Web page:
The MG Tigress, or to give it its full name, the Mark III 18/100, was MG’s first production race car. Based on the road going MG 18\80 it, like the tiny MG M type midget, was build to compete in the 1930 Brooklands Double 12 Race.  The car had many advanced features including a six cylinder, 2.5 L overhead camshaft engine, dry sump lubrication, twin spark heads and improved suspension.  However they proved unreliable during the race with all cars retiring due to engine failure. In contrast the Midgets beat much more powerful machinery to win the team prize.  Due to their comparative lack of success and high price, only five Tigress’ were built. Two survive including one that visited MG Era at Brooklands in April. 

Originally owned by Lord Victor the Rothschild, GH3501 is in beautiful condition

  

The Tigress mascot on the car is said to have inspired Jaguar’s famous leaper

  

Beautiful fishtail exhaust and enhanced shock absorbers show that this car is no ordinary 18 / 80

  

…As do the fine set of Jaeger instruments

 

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The annual Brooklands driving tests brought a good collection of Vintage Sports Car Club cars to the old circuit last weekend.

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Morgan three wheelers lining up for one of the driving tests

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A cycle car (GN?) taking part in a fiendish test. The driver needs to drive at a constant distance around the Christmas tree (to which he attached by a line). On the line is a rubber duck. Get too close and the duck touches the ground and you are penalised. Drive too far from the tree and you will pull it over. This driver did the latter! Note terrified bear tucked behind nearside headlamp.

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An immaculate M Type MG Midget navigates the cones by the old pits with the clubhouse beyond.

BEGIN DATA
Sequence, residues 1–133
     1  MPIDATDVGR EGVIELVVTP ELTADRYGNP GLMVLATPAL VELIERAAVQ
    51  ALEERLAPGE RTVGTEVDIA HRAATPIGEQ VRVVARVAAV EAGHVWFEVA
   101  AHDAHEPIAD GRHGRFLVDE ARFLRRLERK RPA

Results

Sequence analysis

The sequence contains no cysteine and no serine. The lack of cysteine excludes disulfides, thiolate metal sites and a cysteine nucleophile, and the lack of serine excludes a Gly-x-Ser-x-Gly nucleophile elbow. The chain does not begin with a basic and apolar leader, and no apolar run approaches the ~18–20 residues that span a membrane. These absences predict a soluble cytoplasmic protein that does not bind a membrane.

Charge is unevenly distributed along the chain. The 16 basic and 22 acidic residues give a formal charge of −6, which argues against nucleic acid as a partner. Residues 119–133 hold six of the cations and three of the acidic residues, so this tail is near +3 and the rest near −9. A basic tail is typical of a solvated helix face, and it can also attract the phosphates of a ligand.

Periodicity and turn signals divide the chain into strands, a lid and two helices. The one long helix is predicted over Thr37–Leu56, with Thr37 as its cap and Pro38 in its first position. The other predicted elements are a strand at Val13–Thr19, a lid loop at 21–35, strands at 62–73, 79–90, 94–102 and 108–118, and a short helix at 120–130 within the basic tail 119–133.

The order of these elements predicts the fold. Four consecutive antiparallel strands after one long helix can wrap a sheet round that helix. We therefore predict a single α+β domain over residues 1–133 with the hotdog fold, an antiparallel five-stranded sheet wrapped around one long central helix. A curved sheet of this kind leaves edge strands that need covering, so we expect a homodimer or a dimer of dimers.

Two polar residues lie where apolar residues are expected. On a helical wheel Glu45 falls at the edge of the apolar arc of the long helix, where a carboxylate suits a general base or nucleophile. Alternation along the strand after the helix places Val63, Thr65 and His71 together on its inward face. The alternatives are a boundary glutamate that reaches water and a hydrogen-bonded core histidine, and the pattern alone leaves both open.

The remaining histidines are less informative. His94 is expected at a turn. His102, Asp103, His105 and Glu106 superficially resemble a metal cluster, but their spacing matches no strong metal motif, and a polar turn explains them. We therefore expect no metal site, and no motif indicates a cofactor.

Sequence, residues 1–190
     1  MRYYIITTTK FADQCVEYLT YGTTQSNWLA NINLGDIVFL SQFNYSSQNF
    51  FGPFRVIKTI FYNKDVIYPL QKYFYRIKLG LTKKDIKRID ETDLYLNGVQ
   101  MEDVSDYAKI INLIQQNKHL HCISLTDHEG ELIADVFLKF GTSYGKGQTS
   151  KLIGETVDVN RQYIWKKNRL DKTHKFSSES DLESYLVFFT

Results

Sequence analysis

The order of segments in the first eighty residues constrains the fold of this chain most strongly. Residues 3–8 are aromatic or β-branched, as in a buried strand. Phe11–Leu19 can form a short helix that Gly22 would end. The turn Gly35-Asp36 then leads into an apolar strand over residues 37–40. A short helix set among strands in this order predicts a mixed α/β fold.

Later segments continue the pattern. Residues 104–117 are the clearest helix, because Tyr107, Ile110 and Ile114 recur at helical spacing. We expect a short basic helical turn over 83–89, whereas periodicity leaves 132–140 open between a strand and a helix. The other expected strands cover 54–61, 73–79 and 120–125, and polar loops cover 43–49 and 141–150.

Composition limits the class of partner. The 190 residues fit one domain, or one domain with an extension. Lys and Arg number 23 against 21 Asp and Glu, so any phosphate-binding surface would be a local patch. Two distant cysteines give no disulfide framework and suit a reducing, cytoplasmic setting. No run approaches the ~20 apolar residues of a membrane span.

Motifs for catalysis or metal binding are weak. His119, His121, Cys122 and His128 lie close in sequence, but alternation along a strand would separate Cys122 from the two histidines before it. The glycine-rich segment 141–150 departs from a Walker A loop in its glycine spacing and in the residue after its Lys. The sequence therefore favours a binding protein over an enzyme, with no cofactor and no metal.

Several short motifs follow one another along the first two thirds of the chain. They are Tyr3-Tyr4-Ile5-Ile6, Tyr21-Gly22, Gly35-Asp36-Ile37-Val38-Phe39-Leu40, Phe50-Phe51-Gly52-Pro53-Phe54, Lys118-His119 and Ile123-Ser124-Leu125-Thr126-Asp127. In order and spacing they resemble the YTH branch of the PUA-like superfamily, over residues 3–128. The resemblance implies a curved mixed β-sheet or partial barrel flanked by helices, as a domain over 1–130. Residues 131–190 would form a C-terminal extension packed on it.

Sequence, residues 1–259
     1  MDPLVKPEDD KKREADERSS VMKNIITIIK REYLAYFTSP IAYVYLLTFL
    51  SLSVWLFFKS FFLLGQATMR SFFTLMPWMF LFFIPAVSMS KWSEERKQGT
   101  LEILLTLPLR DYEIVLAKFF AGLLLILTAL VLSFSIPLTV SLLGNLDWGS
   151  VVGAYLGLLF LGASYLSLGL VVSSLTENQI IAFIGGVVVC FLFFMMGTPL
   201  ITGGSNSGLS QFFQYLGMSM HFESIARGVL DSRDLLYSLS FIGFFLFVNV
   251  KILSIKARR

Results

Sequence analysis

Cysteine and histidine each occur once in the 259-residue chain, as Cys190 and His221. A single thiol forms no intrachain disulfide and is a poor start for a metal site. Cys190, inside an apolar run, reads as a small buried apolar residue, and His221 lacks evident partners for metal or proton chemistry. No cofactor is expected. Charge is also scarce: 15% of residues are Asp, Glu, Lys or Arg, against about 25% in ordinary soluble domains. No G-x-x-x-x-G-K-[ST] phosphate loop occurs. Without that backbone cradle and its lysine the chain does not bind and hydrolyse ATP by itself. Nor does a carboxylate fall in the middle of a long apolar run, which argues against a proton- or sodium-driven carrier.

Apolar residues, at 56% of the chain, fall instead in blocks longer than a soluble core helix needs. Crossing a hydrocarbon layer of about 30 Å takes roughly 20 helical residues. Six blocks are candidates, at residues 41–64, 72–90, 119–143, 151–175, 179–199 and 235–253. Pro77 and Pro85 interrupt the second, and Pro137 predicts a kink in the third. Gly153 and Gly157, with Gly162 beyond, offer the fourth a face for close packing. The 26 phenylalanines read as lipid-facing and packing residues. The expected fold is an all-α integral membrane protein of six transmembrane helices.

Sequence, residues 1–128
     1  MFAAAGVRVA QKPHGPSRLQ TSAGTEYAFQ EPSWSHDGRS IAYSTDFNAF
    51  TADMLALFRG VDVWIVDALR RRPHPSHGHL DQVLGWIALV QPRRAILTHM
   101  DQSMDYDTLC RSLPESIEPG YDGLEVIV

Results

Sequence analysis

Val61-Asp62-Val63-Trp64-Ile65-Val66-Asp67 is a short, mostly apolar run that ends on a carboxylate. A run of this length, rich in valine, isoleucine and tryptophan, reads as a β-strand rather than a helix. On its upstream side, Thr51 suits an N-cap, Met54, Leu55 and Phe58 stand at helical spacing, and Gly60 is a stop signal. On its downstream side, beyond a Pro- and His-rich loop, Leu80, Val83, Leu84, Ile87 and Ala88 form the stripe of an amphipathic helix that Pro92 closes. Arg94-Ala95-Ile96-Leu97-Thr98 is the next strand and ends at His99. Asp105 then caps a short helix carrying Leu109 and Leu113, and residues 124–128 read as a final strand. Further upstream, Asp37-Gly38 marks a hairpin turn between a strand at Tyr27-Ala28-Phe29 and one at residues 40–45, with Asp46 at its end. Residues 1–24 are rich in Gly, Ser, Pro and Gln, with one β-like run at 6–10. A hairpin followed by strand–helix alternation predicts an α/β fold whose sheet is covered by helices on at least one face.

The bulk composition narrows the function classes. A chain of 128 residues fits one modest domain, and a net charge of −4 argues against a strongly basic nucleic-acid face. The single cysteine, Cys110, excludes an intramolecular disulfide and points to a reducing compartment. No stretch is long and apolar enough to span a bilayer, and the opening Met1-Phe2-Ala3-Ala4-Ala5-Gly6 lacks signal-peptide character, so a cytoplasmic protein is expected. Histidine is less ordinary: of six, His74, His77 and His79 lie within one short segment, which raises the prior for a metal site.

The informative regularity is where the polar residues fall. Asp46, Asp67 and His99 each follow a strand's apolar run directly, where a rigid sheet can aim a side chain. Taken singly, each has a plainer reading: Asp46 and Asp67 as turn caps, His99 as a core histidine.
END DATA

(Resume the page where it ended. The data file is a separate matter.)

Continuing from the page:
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This gorgeous Grand Prix Vauxhall TT racer was on display in the old balloon shed. A reminder of days before Vauxhall became a mere franchise for GM rep mobiles.

Whilst the weather was little better than it was at last year’s wash out, this year many more classic car owners made the journey to the birthplace of British motorsport for the first major classic car event of 2015.

Porsches, Model T Ford hot rods and Riley 1.5 on the start finish straight at the 2015 Brooklands New Year's Day meeting

Porsches, Model T Ford hot rods and Riley 1.5 on the start finish straight at the 2015 Brooklands New Year’s Day meeting

I took along my MG YB, out for its first run since the Mini Tour Britannia last May. It performed faultlessly although it’s less than inspiring reward on arrival was to be parked on some muddy waste ground between the Bus Museum and the old circuit banking. Apart from the somewhat variable quality of the parking spaces available, the other disappointment was the lack of catering provision which meant waiting 15 minutes, even for a cup of tea. But these logistical problems highlighted what a popular event Brooklands Museum now have on their hands. They must have made a lot of money, which is excellent news as every penny of profit will go towards their work to preserve Britain’s first motor racing circuit and aircraft factory, and the machines that raced or were built there.